Habit is “the price you pay” for becoming automatic, Krakauer’s laboratory codirector, Adrian Haith, explained to me. They have found that habit is binary; once a motor activity gets to be habitual, additional practice doesn’t make it more habitual. There is no gradation. You either fall into the habit, or you don’t. So what is the problem? The problem, Haith says, is that habit is “an automatic retrieval of an action, even when you don’t really want it.” Even when it is wrong. Obviously, this can have a deleterious effect on skill. In Sandlin’s case, as soon as the handlebars were reversed, the habit he relied upon to ride a regular bike with ease became the wrong one for riding a bike with reversed handlebars. To adjust, he needed not only to relearn how to ride the new bike (by following a new set of declarative instructions). He also had to contend with the intrusion of a habit.

This, Krakauer argues, is not typically considered in investigations of motor learning or skill acquisition. The most famous model of the skill-learning curve, proposed by Paul Fitts and Michael Posner in 1967, involved three stages: (1) cognitive, or the declarative stage; (2) associative, or the exploratory stage; and (3) autonomous, which is self-explanatory. A fourth, offshoot stage might be habit, which could cast any frustrated performer, of any skill level, back to the drawing board. Where coaching can often miss the mark involves the need to proceduralize the right things for the right tasks. If baseball players spend their time hitting straight fastballs in batting practice, would the first sinker they face in a game not induce the sinking feeling of the reversion of handlebars on a bike?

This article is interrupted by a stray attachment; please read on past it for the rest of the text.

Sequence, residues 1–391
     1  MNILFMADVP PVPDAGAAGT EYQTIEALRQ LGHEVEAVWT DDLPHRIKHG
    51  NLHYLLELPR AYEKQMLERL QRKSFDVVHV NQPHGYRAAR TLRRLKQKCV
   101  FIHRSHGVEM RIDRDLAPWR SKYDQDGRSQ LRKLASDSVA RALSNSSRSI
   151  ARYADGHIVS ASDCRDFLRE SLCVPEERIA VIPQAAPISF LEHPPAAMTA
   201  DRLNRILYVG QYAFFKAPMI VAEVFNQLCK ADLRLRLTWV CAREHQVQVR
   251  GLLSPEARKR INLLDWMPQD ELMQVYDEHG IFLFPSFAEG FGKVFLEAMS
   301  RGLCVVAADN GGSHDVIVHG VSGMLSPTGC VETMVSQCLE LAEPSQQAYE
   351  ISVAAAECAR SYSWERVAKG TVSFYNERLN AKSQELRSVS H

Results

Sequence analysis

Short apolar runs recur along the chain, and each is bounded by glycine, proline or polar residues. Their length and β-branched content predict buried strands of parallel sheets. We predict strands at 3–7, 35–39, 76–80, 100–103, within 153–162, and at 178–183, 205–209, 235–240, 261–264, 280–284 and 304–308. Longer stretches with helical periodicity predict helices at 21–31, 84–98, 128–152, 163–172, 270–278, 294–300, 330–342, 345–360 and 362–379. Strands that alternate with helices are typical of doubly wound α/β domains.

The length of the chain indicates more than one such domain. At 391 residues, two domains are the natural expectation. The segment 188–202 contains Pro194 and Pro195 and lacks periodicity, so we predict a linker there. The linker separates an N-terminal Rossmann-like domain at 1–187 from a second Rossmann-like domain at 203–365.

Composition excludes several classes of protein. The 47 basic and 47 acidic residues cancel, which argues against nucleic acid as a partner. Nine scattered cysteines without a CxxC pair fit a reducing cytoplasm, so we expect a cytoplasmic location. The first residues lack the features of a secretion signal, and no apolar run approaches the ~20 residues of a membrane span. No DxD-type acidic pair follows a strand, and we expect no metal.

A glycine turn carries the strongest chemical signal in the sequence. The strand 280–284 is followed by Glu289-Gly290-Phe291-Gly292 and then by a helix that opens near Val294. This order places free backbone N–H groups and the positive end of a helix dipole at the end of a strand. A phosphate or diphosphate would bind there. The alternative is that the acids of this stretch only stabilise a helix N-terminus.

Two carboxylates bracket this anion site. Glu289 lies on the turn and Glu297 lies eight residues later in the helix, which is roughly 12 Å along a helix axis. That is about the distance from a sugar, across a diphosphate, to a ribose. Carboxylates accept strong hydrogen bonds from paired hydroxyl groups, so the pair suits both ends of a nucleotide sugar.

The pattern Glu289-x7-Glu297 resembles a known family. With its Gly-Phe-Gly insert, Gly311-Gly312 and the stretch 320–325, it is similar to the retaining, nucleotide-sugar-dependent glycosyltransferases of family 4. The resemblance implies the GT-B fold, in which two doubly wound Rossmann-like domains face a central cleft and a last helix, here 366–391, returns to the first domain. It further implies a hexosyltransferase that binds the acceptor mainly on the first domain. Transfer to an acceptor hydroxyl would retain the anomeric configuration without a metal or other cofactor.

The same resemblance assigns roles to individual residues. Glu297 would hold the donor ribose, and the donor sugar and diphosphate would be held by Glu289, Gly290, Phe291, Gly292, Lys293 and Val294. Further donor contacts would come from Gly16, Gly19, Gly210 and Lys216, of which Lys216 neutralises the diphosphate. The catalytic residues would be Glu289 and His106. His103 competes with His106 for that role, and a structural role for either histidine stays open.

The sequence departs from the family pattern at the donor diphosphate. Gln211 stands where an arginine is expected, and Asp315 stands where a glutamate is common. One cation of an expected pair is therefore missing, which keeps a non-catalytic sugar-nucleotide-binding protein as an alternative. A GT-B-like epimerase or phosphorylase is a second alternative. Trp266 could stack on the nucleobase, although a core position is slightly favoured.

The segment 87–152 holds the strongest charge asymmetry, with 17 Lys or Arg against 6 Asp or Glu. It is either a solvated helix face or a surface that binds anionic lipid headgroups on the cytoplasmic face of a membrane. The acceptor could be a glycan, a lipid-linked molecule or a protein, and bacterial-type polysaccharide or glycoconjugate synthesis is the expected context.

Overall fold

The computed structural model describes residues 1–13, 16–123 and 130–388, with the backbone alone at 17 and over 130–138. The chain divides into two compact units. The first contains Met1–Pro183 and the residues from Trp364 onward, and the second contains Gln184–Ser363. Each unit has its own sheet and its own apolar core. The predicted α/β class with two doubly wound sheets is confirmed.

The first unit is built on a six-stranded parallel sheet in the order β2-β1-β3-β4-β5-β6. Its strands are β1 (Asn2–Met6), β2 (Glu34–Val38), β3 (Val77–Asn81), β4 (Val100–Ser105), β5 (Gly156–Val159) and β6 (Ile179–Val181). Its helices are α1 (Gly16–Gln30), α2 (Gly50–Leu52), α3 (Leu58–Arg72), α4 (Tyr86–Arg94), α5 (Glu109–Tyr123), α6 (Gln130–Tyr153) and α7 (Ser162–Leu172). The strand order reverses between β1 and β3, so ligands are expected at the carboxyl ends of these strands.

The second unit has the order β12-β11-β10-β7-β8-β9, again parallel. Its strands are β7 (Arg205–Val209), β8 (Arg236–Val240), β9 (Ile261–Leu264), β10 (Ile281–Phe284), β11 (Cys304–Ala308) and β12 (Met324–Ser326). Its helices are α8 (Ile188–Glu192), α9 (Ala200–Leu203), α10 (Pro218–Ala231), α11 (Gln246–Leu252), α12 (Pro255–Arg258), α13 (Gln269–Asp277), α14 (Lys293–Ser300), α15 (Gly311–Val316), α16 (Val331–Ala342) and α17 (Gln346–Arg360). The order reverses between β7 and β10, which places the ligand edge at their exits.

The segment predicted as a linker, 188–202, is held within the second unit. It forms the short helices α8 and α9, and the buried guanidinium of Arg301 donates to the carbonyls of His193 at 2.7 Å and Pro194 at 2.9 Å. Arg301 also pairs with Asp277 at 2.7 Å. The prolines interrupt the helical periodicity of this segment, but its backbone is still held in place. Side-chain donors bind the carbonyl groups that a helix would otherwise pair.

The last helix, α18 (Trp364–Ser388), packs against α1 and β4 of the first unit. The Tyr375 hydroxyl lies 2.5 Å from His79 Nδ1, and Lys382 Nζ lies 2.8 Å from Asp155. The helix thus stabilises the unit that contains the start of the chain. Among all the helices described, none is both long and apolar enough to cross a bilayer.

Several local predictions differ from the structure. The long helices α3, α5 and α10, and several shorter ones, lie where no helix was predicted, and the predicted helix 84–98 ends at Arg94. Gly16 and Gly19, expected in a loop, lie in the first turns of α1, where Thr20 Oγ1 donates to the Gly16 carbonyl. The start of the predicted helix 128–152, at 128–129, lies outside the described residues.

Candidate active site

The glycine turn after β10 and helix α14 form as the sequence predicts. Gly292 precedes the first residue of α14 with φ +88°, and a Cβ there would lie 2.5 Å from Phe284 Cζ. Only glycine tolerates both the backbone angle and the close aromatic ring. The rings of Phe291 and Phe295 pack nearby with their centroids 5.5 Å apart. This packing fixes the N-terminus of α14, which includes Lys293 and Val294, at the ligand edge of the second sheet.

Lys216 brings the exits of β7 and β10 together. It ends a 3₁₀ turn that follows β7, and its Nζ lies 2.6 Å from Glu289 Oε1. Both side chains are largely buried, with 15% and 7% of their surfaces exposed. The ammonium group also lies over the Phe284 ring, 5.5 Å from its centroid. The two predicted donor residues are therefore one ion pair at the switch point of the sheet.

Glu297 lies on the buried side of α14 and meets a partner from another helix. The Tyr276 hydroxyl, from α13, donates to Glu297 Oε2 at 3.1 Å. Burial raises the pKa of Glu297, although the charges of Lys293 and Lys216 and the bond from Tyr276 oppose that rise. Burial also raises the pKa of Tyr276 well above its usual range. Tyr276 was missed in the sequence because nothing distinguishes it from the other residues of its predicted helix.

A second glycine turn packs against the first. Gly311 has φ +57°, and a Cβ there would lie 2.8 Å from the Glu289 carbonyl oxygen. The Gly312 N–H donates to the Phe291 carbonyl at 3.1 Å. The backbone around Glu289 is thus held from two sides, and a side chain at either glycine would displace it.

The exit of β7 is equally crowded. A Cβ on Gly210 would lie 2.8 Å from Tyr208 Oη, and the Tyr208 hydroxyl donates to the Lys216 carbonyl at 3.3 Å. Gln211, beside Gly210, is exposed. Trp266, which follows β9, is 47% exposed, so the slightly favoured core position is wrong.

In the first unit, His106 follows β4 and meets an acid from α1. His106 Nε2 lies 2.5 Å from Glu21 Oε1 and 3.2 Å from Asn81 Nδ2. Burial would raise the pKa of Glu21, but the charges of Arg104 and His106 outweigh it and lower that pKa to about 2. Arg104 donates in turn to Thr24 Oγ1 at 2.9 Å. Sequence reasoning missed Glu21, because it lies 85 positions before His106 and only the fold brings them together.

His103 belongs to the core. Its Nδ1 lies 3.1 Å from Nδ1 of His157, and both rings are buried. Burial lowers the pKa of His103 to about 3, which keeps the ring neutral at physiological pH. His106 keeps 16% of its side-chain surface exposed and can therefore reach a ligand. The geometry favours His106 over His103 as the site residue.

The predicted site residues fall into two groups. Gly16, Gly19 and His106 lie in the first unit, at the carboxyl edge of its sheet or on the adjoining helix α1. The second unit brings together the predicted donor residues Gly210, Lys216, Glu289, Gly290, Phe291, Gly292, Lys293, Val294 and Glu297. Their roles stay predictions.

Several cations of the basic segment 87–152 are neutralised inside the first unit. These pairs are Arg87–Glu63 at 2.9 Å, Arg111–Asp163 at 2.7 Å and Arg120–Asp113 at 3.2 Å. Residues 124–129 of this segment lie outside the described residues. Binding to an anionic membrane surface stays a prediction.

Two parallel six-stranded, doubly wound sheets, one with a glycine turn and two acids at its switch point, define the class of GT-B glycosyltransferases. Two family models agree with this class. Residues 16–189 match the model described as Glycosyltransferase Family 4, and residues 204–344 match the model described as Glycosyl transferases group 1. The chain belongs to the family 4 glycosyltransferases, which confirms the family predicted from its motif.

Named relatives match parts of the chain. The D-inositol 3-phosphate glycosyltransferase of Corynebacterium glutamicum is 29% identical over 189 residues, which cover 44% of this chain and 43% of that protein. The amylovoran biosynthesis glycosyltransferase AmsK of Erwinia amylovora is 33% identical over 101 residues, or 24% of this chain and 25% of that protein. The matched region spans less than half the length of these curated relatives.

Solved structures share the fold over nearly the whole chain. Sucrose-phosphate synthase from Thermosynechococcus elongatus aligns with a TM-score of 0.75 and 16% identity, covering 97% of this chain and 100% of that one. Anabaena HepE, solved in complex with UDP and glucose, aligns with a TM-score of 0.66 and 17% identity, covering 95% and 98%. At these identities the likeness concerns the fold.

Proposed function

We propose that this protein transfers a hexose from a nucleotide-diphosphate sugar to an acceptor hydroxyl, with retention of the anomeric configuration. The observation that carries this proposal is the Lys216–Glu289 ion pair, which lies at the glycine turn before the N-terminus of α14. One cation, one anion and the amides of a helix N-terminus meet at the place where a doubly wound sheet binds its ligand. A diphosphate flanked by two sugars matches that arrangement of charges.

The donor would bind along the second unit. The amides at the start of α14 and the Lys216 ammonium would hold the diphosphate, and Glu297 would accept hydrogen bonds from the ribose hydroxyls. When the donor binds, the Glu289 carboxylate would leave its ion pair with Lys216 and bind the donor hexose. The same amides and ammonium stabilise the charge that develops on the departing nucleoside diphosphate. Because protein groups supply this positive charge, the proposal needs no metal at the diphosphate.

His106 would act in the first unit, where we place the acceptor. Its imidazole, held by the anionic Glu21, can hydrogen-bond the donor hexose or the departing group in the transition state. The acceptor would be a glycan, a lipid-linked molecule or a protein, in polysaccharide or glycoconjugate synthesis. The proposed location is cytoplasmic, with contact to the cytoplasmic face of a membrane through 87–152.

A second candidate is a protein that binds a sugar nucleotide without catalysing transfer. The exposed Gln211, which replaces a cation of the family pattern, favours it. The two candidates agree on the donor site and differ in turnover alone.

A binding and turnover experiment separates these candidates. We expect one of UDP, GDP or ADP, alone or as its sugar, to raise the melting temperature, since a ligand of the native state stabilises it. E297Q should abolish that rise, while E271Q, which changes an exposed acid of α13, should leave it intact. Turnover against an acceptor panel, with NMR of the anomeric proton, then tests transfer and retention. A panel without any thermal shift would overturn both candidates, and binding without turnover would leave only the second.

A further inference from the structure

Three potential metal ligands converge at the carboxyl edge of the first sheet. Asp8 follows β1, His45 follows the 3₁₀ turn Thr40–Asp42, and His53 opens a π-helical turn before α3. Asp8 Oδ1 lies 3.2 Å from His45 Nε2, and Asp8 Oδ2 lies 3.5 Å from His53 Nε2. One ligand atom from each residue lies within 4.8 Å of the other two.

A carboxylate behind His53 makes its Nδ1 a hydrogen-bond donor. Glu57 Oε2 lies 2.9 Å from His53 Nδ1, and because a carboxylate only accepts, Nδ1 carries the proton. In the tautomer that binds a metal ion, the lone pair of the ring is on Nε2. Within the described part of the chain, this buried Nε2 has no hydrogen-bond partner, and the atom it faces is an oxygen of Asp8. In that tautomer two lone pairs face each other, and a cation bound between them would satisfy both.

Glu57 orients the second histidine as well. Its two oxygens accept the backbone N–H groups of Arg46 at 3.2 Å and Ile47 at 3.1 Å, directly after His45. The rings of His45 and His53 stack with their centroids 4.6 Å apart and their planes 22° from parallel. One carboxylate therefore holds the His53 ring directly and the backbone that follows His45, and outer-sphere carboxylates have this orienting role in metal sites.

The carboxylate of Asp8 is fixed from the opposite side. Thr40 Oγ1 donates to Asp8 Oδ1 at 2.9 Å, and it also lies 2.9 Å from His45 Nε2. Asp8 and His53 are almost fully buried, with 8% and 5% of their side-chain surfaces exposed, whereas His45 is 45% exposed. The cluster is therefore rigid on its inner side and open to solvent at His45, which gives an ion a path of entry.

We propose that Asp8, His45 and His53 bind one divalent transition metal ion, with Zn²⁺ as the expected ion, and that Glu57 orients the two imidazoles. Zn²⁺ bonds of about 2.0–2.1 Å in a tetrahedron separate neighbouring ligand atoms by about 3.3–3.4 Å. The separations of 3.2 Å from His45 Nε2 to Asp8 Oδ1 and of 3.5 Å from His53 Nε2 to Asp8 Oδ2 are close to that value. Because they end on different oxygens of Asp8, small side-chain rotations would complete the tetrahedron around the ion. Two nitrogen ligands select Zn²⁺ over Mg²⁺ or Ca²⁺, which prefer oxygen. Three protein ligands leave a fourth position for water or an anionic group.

So what does it actually mean to be skilled? Let’s say you are asked to answer a simple question in arithmetic. A straightforward question—what is 7 × 9?—can be solved a few ways. You could add nine to itself seven times. Or you could have rote memorized that 7 × 9 = 63. The latter method is taking advantage of the cached or automatized knowledge from weeks or years of flash cards and practice. You no longer need to follow the instructions; you just hop on the bike and do it. The answer arrives quickly to the tongue because your brain has consolidated those multiplication tables into an easily retrievable, yet inflexible, memory. This is a cognitive memory just as you might have a muscle memory. Krakauer remarked to me once that he has forgotten the numerals for his six-digit ATM code. This doesn’t leave him destitute—whenever he needs cash, he can simply go to the machine and his fingers will immediately, automatically punch the right formation on the keypad.

This sort of rapid, seemingly reflexive retrieval system works fine for some calculations. Krakauer and Haith, though, would contend that a mathematician is more likely to rely on both, procedural and declarative knowledge, in answering a long and intensive math problem, a math problem that would arguably result in observers remarking about her skill. They argue that a motor skill should be viewed the same way. The hallmark of any skill, they say, is being able to do the right thing, and quickly. But getting there is likely to require a more hierarchical representation, involving both forms of knowledge, braided for both quick retrieval and for the nimbleness that skill so often requires.

Adapted from the book The Performance Cortex: How Neuroscience is Redefining Athletic Genius by Zach Schonbrun. Copyright © 2018 by Zach Schonbrun. Reprinted with permission of Dutton, an imprint of Penguin Publishing Group, a division of Penguin Random House, LLC.